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Wednesday, 14 May 2014 13:22

Just having the conversation is what is important

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There is no shortage of areas Albertans can choose to comment on when it comes to government reports. It seems like the Province is seeking input about a lot of areas currently including transportation and now the recommendations made in a report from the task force for teaching excellence.


While it can be time-consuming and some extra work, it is important for individuals to take time to give their input when the government asks for it.
When Alberta Education Minister Jeff Johnson and task force chair Dr. Glenn Feltham released the report that included 25 recommendations focusing on helping create excellent teachers, the ATA and those in the profession immediately jumped up to say it was an “attack” on the profession.
Some said Alberta teachers already are excellent at what they do so what’s to criticize?
Nobody enjoys having their jobs put under the microscope. It isn’t pleasant to be told one could be doing more work or better work. But maybe teachers shouldn’t be so quick to go on the defensive and attack the task force, and the government for what is essentially a report.
These recommendations are just that — advice to government. At this point in time, it isn’t known what will be the final outcome. Albertans have no idea which recommendations will be accepted and if they will be in their entirety. It is the government’s prerogative to pick and choose what they see as the best options for the Alberta education system.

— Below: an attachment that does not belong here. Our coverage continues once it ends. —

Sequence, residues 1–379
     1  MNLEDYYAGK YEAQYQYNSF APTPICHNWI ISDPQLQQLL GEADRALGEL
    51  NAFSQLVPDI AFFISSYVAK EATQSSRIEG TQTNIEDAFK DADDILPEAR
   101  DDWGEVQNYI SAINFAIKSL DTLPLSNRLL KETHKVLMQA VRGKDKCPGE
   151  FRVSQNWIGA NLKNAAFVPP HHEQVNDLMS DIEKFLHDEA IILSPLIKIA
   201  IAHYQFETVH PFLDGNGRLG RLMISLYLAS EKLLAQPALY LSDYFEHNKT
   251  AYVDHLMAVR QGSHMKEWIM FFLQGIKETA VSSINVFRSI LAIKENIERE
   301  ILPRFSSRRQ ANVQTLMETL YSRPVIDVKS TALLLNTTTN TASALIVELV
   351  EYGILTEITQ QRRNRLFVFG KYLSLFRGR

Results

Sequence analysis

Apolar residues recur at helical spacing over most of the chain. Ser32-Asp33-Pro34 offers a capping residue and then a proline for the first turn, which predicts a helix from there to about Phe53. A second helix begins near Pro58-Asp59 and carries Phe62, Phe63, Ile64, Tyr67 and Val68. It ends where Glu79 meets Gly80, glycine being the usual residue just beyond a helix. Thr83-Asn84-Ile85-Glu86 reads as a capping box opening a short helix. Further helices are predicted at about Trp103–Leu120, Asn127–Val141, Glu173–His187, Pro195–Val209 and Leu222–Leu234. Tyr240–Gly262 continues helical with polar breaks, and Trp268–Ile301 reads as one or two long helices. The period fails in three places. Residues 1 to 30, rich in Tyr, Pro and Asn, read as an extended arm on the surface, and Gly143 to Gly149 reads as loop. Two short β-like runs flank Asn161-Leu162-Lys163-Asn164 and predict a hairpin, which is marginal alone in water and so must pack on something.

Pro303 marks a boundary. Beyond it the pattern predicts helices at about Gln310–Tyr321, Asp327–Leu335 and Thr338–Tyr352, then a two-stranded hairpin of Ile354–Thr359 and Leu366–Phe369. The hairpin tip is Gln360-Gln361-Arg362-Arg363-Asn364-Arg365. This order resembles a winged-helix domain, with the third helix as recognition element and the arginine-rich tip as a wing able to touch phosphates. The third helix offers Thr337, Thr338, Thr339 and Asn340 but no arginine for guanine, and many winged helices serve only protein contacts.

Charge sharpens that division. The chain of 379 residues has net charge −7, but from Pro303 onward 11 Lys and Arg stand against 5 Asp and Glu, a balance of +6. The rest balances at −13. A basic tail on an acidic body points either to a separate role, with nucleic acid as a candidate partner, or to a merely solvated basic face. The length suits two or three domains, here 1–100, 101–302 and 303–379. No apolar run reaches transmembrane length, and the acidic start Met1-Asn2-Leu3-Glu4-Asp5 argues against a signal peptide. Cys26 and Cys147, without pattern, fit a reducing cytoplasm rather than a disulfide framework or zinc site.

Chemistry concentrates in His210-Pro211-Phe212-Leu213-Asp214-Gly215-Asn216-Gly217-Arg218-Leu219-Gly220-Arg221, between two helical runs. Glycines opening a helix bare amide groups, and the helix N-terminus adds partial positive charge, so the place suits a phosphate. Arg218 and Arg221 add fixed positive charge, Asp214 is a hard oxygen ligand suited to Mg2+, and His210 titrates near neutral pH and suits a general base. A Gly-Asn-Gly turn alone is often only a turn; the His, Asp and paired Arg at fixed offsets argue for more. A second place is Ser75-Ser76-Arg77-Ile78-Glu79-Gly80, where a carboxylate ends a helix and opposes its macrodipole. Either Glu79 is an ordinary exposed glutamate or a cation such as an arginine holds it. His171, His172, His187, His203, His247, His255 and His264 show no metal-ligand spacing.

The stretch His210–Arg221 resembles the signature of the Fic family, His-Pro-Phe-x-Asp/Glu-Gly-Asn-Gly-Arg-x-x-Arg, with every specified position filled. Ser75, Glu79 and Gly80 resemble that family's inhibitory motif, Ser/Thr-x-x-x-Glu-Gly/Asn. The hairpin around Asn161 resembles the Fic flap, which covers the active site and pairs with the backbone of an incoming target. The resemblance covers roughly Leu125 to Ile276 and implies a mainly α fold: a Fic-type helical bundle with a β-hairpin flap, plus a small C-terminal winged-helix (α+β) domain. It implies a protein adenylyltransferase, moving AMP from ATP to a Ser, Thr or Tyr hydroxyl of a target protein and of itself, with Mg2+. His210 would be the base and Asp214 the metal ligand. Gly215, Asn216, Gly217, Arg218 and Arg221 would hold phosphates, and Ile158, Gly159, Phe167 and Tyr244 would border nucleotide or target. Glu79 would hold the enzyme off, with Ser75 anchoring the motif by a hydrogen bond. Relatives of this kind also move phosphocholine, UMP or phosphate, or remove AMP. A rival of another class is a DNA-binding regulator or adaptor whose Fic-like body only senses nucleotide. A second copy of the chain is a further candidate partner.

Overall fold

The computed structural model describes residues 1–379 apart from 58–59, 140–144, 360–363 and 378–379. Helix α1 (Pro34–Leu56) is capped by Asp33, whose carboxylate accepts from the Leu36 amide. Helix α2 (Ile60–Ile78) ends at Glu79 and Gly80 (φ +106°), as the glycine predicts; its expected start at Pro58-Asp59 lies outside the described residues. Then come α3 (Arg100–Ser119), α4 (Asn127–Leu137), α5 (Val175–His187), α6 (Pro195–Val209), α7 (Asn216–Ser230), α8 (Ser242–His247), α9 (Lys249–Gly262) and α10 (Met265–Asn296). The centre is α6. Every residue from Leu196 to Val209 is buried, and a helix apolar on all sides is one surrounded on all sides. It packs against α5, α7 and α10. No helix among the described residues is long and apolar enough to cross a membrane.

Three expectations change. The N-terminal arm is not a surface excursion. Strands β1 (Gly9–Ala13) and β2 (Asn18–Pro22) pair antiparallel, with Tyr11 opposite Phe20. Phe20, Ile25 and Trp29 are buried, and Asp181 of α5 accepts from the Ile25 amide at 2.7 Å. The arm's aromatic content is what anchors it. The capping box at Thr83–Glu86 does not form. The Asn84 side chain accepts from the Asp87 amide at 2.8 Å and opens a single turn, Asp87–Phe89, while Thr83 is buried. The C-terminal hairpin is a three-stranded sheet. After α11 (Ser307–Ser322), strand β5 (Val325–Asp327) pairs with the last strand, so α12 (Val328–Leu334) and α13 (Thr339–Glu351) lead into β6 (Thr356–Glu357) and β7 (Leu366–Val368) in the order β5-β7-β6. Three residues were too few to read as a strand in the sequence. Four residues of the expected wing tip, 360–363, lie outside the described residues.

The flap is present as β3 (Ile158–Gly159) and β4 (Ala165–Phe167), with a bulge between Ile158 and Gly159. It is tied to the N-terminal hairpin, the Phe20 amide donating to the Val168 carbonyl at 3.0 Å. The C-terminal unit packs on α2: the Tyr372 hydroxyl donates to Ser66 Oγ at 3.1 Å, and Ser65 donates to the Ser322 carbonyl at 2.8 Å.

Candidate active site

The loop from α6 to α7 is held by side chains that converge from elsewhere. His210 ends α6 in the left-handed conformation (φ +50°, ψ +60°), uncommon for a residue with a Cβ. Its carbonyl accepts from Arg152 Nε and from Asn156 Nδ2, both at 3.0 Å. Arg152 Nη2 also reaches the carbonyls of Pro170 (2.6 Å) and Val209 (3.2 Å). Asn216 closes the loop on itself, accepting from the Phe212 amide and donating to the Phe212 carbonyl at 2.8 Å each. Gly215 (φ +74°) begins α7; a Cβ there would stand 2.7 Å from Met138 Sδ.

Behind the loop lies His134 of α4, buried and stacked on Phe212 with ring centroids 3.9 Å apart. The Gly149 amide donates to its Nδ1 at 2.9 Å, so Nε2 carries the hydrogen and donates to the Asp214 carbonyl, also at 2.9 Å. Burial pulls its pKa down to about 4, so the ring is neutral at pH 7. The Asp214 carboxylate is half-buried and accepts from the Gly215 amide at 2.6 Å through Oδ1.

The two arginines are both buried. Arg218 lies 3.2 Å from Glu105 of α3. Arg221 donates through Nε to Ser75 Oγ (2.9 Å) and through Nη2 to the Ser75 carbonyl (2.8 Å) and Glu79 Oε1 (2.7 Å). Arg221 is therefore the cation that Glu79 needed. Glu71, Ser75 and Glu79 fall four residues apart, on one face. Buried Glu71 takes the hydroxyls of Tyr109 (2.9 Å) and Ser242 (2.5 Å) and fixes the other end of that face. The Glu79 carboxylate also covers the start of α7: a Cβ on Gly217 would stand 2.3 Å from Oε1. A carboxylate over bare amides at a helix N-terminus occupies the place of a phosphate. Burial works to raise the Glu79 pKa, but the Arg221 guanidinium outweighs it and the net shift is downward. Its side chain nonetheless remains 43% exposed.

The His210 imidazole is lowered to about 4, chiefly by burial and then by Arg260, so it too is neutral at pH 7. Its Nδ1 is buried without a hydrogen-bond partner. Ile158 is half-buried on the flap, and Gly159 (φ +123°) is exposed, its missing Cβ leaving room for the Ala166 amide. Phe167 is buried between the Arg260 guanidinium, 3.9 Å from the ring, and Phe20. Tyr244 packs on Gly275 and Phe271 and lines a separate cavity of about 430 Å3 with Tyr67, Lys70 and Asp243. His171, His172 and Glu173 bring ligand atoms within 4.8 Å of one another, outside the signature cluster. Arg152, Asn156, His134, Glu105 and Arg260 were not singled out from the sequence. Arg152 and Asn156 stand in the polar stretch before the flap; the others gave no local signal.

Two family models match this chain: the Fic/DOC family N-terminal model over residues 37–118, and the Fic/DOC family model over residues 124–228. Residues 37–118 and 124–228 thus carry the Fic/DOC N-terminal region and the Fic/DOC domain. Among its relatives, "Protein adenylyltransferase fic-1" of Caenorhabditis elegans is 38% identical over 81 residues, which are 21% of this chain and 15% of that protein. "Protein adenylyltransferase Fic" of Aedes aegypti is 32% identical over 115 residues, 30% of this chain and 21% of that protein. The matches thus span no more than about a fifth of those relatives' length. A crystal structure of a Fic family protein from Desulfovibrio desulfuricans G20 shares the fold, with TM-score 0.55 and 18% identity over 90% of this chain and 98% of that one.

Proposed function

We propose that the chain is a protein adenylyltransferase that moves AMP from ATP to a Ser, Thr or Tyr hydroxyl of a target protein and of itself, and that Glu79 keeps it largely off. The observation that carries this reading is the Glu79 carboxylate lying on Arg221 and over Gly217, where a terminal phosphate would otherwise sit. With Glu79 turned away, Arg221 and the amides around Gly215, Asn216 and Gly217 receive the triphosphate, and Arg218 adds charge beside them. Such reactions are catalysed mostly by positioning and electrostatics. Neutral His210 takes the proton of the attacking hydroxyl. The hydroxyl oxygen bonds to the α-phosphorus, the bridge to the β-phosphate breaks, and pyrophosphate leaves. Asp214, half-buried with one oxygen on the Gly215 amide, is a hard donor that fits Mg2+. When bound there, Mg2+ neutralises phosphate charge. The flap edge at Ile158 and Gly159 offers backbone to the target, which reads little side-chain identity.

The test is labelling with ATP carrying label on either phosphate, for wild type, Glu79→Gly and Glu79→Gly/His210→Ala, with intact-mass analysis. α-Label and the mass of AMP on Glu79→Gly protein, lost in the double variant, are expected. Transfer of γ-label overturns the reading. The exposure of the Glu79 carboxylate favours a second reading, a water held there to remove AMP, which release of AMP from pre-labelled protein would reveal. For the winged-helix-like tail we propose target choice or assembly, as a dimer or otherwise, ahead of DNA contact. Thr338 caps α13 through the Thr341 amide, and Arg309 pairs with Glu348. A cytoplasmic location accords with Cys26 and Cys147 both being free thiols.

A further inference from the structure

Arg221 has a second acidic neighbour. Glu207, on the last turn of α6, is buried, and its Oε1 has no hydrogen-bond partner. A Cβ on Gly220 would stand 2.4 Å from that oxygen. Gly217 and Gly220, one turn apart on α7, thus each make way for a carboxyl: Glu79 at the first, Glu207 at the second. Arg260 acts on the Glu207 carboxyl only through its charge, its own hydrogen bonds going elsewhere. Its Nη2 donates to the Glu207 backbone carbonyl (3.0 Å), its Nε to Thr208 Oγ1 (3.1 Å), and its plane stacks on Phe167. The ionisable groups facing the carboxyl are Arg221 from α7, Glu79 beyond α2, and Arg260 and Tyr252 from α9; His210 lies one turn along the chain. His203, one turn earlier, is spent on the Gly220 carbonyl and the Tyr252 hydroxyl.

It is also important to remember government officials are seeking the public’s reaction and input into the report. Officials want to know what Albertans — including educators — think about the recommendations. They gave a month for people to offer up their own opinions and advice. Then they will take the summer to mull over the input and recommendations and make some decisions about how to move forward. Realistically, changes may not happen until 2015.
Alberta Education minister Jeff Johnson hit the nail on the head when he spoke to media in a teleconference on May 5.
He said, “This discussion is going to change the education system in the province ... there shouldn’t be any topics off base or that we’re not willing to discuss because we’re uncomfortable.”
He’s absolutely right.
Alberta does have excellent teachers, but if residents — and even teachers — are truly being honest with themselves can they say every single teacher (all 35,000 of them) are excellent?
Can they honestly say that there is no room for improvement?
Albertans when submitting their feedback — and teachers who have to listen to it — should keep the same goal in mind that the task force on excellence in teaching did: “For very child, in every class, there should be an excellent teacher.”
Rose Sanchez is assistant managing editor with the Prairie Post. Contact her with your comments about this opinion piece by emailing her at:  This email address is being protected from spambots. You need JavaScript enabled to view it. .

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Rose Sanchez

Assistant Managing Editor